|| ||Martin von Gagern <Martin.vGagern-AT-gmx.net> |
|| ||info-gnu-AT-gnu.org, wdiff-bugs-AT-gnu.org |
|| ||wdiff 1.0.0 released |
|| ||Mon, 05 Sep 2011 15:26:12 +0200|
|| ||coordinator-AT-translationproject.org, maintainers-AT-gnu.org|
|| ||Article, Thread
I'm happy to announce the next release of wdiff. This release is
numbered 1.0.0 in order to reflect the fact that the code has been
around for a long time and is therefore considered quite mature. So
consider this change not so much as a radical program improvement of
some kind, but rather a fix to the fact that some people tend to take a
major version number of zero as an indication of immature software.
Although the NEWS entry for this release is a bit longer than for some
past releases, in terms of features and bug fixes it might as well have
been called 0.6.6.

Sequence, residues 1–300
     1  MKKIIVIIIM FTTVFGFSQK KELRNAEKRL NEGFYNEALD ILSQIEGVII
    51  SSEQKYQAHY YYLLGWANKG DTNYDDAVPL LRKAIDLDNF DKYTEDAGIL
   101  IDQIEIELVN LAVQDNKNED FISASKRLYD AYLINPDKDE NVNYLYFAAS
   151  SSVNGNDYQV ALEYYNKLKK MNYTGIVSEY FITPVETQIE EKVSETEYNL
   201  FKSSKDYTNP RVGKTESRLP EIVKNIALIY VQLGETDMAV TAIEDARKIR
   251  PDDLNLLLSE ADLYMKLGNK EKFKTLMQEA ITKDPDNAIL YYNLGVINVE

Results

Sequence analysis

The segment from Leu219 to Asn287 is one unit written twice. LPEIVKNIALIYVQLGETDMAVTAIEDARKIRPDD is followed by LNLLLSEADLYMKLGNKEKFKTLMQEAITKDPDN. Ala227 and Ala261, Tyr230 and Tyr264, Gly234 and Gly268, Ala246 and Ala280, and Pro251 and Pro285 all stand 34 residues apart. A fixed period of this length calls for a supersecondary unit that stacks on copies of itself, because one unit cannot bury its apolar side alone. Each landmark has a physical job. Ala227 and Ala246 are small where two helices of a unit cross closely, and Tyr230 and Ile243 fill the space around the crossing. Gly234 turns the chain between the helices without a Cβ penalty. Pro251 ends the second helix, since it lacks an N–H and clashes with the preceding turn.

So what has changed? As user noticeable changes we have updated
translations for Updated Dutch, French, Danish and Slovenian as well as
a completely new translation file for Ukrainian thanks to Yuri
Chornoivan. The code will now give more useful results in case the diff
program either cannot be executed or fails for some reason.
Build time improvements include an update of our gnulib imports as well
as an extension of the test suite. On the source code level, ther ewas
some cleaning up, slightly improved portability with respect to file
descriptor duplication, and a unification of coding style accomplished
You can get the latest copy from http://ftpmirror.gnu.org/wdiff/ or a
GNU mirror of your choice.
https://savannah.gnu.org/forum/forum.php?forum_id=6933 is the official
location of the release announcement, in case you want a URL to cite.
GNU wdiff is a front end to diff for comparing files on a word per word
basis. A word is anything between whitespace. This is useful for
comparing two texts in which a few words have been changed and for which
paragraphs have been refilled. It works by creating two temporary files,
one word per line, and then executes diff on these files. It collects
the diff output and uses it to produce a nicer display of word
differences between the original files.
Martin von Gagern
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